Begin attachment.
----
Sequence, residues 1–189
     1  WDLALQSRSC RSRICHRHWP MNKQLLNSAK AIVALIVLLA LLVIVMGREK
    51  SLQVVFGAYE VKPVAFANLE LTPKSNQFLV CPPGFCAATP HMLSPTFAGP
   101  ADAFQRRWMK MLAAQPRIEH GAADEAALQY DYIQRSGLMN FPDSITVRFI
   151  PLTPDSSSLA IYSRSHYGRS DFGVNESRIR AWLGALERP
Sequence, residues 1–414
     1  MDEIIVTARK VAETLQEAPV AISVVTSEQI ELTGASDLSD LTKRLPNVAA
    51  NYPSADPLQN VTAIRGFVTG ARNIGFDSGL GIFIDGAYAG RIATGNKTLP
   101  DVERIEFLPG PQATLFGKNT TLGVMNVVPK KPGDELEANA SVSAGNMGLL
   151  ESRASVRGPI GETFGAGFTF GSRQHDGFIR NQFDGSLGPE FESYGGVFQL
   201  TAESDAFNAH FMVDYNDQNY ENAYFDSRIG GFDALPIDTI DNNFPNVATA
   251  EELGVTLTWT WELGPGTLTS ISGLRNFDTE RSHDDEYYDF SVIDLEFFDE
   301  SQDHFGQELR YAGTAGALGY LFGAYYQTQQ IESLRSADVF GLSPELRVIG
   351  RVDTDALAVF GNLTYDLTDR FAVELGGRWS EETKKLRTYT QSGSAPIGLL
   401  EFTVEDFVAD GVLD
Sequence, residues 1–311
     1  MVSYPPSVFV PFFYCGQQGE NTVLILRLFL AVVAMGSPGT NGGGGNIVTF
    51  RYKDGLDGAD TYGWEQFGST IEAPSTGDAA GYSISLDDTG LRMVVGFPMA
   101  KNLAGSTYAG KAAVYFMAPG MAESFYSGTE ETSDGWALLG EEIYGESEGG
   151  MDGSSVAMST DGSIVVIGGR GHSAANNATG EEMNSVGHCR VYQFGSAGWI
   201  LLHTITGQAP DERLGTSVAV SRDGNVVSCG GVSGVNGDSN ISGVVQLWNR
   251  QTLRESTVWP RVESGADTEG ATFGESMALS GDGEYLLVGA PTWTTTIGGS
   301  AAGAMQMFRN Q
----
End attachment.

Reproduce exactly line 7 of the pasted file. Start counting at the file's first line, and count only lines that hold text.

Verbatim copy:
     1  MDEIIVTARK VAETLQEAPV AISVVTSEQI ELTGASDLSD LTKRLPNVAA